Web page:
1.1. Introducing LVALUES and RVALUES
Every expression in C++ results in either an lvalue or an rvalue (sometimes written l - value and r - value and pronounced like that). An lvalue refers to an address in memory in which something is stored on an ongoing basis. An rvalue, on the other hand, is the result of an expression that is stored transiently. An lvalue is so called because any expression that results in an l value can appear on the left of the equals sign in an assignment statement. If the result of an expression is not an lvalue, it is an rvalue.
Consider the following statements:
int a(0), b(1), c(2);
a = b + c;
b = ++a;
c = a++;
The fi rst statement declares the variables a , b , and c to be of type int and initializes them to 0, 1, and 2, respectively. In the second statement, the expression b+c is evaluated and the result is stored in the variable a . The result of evaluating the expression b+c is stored temporarily in a memory location andthe value is copied from this location to a. Once execution of the statement is complete, the memory location holding the result of evaluating b+c is discarded. Thus, the result of evaluating the expression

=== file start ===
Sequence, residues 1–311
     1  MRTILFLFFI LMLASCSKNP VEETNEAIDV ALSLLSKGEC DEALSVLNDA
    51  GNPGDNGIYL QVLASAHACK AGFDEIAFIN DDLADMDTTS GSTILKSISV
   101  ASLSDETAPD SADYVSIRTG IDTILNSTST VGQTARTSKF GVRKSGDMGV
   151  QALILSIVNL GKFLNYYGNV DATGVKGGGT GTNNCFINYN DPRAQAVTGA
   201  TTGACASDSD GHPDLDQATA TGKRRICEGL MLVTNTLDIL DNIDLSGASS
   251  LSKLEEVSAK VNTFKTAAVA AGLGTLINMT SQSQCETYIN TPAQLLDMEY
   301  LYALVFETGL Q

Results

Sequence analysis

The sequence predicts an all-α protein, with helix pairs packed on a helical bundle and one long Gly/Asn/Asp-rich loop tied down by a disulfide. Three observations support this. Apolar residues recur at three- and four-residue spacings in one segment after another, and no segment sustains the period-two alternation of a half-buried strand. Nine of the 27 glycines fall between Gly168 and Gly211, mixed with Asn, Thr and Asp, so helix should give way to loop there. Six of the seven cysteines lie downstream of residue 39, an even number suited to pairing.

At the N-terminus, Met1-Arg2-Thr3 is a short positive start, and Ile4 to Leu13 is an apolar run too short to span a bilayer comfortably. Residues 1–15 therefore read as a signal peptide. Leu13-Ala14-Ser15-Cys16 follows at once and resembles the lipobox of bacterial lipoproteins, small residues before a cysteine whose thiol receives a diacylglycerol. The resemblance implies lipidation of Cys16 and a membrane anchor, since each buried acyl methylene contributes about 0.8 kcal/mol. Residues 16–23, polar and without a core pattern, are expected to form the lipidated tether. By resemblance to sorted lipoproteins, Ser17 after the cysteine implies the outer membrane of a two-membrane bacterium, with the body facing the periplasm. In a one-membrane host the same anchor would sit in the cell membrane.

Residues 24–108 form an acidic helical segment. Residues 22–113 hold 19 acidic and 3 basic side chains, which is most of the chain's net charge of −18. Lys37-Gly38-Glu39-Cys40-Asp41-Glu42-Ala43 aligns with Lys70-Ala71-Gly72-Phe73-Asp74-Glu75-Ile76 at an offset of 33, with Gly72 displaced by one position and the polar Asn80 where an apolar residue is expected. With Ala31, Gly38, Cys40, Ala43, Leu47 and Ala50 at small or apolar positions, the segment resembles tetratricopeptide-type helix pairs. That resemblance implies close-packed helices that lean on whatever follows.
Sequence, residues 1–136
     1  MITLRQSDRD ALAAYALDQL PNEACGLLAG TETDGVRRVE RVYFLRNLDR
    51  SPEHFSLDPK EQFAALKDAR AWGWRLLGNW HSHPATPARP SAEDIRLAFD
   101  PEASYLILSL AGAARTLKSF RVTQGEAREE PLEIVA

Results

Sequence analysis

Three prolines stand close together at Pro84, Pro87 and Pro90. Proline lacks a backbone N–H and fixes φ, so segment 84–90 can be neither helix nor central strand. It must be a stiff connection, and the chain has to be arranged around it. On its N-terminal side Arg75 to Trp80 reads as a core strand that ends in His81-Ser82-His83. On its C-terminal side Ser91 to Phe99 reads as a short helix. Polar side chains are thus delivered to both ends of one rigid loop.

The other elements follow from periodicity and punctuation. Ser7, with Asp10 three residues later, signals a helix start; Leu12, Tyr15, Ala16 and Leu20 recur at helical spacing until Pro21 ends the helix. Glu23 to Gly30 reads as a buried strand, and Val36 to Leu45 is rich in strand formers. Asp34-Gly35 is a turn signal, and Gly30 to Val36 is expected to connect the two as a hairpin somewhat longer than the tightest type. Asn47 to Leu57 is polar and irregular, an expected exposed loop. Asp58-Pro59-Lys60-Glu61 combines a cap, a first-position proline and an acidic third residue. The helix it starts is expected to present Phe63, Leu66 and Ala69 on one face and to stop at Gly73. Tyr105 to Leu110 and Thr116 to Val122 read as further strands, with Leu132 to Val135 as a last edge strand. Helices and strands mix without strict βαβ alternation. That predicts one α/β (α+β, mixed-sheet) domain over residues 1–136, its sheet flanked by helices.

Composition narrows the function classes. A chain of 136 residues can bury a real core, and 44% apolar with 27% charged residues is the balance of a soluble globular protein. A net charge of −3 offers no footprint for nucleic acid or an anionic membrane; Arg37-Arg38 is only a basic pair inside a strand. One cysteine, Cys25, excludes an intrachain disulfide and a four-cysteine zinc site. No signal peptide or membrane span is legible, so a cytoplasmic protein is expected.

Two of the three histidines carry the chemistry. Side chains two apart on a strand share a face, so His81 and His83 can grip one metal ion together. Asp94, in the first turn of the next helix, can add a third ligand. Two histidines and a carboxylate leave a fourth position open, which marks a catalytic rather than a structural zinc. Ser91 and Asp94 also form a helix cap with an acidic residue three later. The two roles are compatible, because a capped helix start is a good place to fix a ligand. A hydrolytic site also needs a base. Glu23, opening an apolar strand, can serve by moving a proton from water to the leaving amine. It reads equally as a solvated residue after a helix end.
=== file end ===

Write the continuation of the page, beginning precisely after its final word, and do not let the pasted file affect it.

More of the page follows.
b+c is an rvalue.
In the third statement, the expression ++a is an lvalue because its result is a after its value is incremented. The expression a++ in the third statement is an rvalue because it stores the value of a temporarily as the result of the expression and then increments a . An expression that consists of a single named variable is always an lvalue.